IATA code: IST
Passenger numbers 2017: 63,872,283
Change from 2016: 6%
Another for whom a weak 2016 performance together with Guangzhou Baiyun’s jump has meant a drop of a place. Don’t expect to see Istanbul Ataturk featuring too highly on next year’s list either as its little brother, Istanbul New Airport, makes the scene in the autumn snapping up at least some of its traffic.
IATA code: DEL
Passenger numbers 2017: 63,451,503
Change from 2016: 14.1%
Our first newcomer to this list, and snapping up JFK’s spot, welcome Indira Gandhi International, formerly number 22. Delhi’s primary airport, it has seen the biggest rise of any other hub on this list and that’s hardly surprising. India’s thirst for air travel is seemingly insatiable. It will be interesting to see how this top 20 shapes up in the next decade with regards to Indian airports. On a side note, Indira Gandi has knocked out JFK, which no longer has a place at all it seems.
IATA code: CGK
Passenger numbers 2017: 63,015,620
Change from 2016: 8.3%
Operated by PT Angkasapura II and owned by the Indonesian Government, Soekarno-Hatta International Airport is the main airport for the Greater Jakarta area. It has successfully knocked Singapore Changi from the number 17 spot. Its name is a blend of the first President of Indonesia, Soekarno, who was head of state from 1945 to 1967, and and the first vice-president, Mohammad Hatta, who served from 1945 to 1956.
IATA code: SIN
Passenger numbers 2017: 62,220,000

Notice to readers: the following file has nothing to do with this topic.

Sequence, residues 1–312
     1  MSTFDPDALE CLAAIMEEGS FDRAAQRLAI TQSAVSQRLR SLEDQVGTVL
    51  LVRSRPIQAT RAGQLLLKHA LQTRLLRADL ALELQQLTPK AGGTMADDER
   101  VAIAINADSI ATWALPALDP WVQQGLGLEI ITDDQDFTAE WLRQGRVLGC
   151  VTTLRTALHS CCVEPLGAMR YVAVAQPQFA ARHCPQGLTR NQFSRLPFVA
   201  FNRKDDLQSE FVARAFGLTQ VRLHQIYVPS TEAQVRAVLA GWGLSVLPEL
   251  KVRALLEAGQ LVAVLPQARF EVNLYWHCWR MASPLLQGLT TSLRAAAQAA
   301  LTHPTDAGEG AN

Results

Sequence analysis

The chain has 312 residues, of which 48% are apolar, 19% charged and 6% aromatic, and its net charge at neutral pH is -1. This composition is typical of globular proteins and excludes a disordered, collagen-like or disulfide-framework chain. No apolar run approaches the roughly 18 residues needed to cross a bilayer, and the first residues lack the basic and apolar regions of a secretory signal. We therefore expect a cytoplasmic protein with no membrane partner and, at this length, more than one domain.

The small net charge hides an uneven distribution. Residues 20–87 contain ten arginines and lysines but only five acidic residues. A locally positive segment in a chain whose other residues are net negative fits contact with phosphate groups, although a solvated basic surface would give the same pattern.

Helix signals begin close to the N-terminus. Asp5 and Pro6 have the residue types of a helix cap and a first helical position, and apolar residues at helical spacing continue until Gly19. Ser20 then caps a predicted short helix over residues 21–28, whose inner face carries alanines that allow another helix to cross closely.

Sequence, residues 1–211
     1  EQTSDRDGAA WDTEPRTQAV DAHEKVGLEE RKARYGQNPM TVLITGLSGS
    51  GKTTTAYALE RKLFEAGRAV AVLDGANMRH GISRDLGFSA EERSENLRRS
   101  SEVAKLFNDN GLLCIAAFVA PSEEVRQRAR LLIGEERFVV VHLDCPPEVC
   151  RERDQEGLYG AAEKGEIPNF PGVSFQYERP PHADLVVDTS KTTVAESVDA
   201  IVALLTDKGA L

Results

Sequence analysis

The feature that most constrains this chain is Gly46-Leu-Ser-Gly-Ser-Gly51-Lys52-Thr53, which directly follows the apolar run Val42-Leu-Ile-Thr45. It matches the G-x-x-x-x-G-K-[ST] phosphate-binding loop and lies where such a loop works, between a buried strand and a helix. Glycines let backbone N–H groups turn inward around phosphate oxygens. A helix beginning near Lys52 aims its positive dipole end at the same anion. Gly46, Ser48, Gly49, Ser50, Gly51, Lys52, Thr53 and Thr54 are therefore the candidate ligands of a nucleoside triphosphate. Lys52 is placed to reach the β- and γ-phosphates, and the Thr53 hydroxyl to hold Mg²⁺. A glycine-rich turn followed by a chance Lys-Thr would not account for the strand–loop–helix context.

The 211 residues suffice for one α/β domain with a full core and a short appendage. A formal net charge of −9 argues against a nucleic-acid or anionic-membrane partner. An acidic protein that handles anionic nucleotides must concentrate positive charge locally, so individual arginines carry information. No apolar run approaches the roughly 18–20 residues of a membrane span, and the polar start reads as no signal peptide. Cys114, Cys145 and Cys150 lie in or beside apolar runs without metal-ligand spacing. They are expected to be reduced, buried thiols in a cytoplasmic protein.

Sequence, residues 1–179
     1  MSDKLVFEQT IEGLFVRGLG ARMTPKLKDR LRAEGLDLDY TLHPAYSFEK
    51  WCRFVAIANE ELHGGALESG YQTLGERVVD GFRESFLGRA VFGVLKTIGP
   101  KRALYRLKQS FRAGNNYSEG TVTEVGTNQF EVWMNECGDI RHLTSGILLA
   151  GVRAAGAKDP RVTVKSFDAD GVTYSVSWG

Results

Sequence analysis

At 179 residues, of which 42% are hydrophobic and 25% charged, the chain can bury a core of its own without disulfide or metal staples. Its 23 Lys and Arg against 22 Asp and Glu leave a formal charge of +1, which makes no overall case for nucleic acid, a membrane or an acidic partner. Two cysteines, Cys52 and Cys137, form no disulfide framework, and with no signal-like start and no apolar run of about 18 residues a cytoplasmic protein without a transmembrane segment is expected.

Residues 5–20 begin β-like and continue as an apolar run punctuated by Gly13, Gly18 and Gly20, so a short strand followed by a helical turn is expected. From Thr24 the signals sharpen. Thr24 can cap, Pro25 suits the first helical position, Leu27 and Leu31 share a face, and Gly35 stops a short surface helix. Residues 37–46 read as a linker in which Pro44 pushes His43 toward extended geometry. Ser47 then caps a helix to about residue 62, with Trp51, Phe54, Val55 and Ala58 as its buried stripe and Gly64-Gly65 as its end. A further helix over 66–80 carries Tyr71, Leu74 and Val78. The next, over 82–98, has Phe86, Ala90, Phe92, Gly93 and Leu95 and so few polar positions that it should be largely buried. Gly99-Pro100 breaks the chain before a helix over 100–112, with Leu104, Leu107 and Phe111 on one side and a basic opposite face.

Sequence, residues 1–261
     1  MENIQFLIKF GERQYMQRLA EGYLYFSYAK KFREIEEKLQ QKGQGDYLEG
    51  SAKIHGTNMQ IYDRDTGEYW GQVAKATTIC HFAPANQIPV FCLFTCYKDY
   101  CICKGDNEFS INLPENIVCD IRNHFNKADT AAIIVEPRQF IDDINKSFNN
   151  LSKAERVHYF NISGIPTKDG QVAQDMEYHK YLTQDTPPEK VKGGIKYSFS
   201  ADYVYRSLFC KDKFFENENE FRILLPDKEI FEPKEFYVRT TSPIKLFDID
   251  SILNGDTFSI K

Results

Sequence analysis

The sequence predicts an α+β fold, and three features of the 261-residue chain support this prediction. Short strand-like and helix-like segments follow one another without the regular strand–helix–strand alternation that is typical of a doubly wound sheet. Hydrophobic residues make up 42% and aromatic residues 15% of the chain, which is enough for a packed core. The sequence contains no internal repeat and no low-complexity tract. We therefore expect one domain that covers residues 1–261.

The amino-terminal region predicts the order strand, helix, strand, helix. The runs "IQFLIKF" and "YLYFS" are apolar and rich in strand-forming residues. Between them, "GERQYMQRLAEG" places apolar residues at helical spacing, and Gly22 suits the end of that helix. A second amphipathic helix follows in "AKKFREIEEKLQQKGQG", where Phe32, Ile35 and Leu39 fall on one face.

Change from 2016: +6%
A slightly better year than 2016 has not been enough for Singapore to keep its number 17 spot. In March, it was given the Skytrax best airport in the world award for the sixth year in a row.
IATA code: ICN
Passenger numbers 2017: 62,157,834
Change from 2016: +7.5%
Alongside Changi, Korea’s Incheon is an extremely effective manager of its passengers and claims a 0.0001% baggage mishandling rate. As well as this staggering claim, the Korean hub has been growing at an exponential rate since its construction following the 1988 Olympic Games. It has risen by one spot since last year.
#20 Denver International Airport
IATA code: DEN
Passenger numbers 2017: 61,379,396
Change from 2016: +5.3
Denver has dropped two spots since last 2017, even though it has seen two years of solid growth. It is the only airport in the United States to have implemented an ISO 14001-certified environmental management system covering the entire airport.
And so that concludes our latest instalment in the ongoing anniversary series.
Amsterdam Airport Schiphol (AMS), Bangkok Suvarnabhumi International Airport (BKK), Dallas Fort Worth International Airport (DFW), Denver International Airport (DEN), Dubai International Airport (DXB), Frankfurt Airport (FRA), Guangzhou Baiyun International Airport (CAN), Hartsfield-Jackson Atlanta Airport (ATL), Hong Kong International Airport (HKG), Incheon International Airport (ICN), Istanbul Atatürk Airport (IST), John F. Kennedy International Airport (JFK), London Heathrow Airport (LHR), Los Angeles International Airport (LAX), Paris Charles de Gaulle Airport (CDG), Shanghai Pudong International Airport (PVG), Singapore Changi Airport (SIN), Tokyo Haneda Airport (HND)